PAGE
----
Sexual problems like erectile dysfunction often top the list of conditions that people shy away from talking about. But this 'keep quiet, and carry on' tactic means that many are suffering in silence.
Around one in every 10 men has a sex-related problem, such as erectile dysfunction (ED), but it's an issue some find very difficult to discuss with friends, partners or even a doctor.
New research commissioned by the Pharmacy2U Online Doctor service has revealed that the 'embarrassment factor' is putting men off seeking treatment. The findings, published this week, show one in every three (37%) ED sufferers admits they have opted not to seek help, the majority saying it would be too 'embarrassing'.
The downside of keeping quiet
Ignoring erection problems can be incredibly frustrating, both physically and mentally.
It can lead to loss of confidence, stress and relationship troubles. The actual cause of the symptoms may be left undiscovered too.
People are often unaware that ED can be linked to various conditions and for some the reason they are having difficulties achieving or sustaining an erection could be an indication of a potentially serious medical condition.
There are a huge number of things that can cause ED - ranging from low testosterone and other hormonal imbalances, to high cholesterol and even heart disease. It could also have psychological origins, such as anxiety or depression.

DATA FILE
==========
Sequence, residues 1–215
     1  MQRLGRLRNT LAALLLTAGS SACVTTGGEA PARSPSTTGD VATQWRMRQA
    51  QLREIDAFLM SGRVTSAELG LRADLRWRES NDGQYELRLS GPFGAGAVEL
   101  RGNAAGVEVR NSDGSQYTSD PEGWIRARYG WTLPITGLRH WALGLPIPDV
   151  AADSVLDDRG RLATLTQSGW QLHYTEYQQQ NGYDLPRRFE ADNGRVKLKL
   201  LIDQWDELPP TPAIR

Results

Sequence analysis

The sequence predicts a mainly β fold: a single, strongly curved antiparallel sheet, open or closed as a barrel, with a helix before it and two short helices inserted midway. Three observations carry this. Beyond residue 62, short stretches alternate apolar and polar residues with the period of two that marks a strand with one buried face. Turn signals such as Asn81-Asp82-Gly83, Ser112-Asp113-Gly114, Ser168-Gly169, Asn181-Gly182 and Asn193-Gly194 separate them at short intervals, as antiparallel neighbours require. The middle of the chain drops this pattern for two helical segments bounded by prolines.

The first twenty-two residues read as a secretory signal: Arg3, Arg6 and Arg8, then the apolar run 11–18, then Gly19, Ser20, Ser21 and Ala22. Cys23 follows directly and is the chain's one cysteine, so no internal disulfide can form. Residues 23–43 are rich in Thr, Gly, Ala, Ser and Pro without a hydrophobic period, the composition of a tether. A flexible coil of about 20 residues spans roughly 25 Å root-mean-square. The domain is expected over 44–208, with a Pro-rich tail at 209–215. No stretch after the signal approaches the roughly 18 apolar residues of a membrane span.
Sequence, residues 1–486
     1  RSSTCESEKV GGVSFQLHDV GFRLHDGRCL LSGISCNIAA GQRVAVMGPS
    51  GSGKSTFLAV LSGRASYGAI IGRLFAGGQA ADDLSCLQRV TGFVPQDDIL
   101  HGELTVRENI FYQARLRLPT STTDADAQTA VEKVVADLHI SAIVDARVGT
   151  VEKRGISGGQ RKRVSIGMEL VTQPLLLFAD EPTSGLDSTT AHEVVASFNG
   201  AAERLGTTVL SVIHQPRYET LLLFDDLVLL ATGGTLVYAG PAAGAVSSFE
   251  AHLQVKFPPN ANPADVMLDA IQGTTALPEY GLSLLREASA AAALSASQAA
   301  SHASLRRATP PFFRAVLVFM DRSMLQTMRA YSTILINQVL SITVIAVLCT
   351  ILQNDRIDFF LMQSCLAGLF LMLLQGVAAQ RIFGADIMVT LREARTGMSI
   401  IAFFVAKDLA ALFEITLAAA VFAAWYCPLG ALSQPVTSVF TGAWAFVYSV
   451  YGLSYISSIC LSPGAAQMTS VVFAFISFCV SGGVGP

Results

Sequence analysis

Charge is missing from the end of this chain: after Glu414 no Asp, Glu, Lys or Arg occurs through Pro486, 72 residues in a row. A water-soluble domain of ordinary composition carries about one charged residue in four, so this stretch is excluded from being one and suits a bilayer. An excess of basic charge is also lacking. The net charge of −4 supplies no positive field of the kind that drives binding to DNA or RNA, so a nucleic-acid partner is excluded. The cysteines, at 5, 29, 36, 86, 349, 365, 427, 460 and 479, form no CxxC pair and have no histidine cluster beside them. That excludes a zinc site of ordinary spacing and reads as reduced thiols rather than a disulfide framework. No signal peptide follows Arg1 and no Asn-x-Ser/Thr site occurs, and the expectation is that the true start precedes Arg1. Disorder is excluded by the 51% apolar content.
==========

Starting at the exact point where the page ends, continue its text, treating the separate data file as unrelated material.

However, one of the most common causes is diabetes and it's often advisable for the patient to undergo tests, such as blood sugar.
Men of all ages
Most men may fail to get an erection from time to time - perhaps if they're feeling tired or distracted, but this is usually just temporary. For others though, it can be a persistent problem.
Half of men over 40 are likely to have some erection difficulties, with the problem becoming more prevalent in older men. However, ED is a common condition that can affect men of all ages.
Tackling the problem
For the majority of ED sufferers, medical treatment is extremely effective. There are various prescription medications available to tackle the problem. Viagra is the brand name most people are familiar with, but there are a number of drugs available, including generic versions of the famous 'blue pill'. As with all medications, these prescription-only drugs need to come from a reputable source, as the UK and the internet can be awash with rogue suppliers.
For some, psychotherapy can hold the answer, whereas others try herb-based remedies. Interestingly, our research showed that a third (35 per cent) of 18 to 34s with ED use herbal treatments, such as L-Arginine, Ginseng and Ginkgo.
Making lifestyle choices can often help, such as reducing alcohol intake, stopping smoking and changing eating habits.
What's harder to change is people's reluctance to break the taboo that surrounds ED. Yes, sexual problems can be embarrassing and you may feel like you or your partner are the only ones dealing them, but the odds are some of your closest friends have probably experienced something similar - or could well do in the future.
Facing up to ED makes it easier to seek medical support. So you can tackle the symptoms and check there's not a more sinister root cause.
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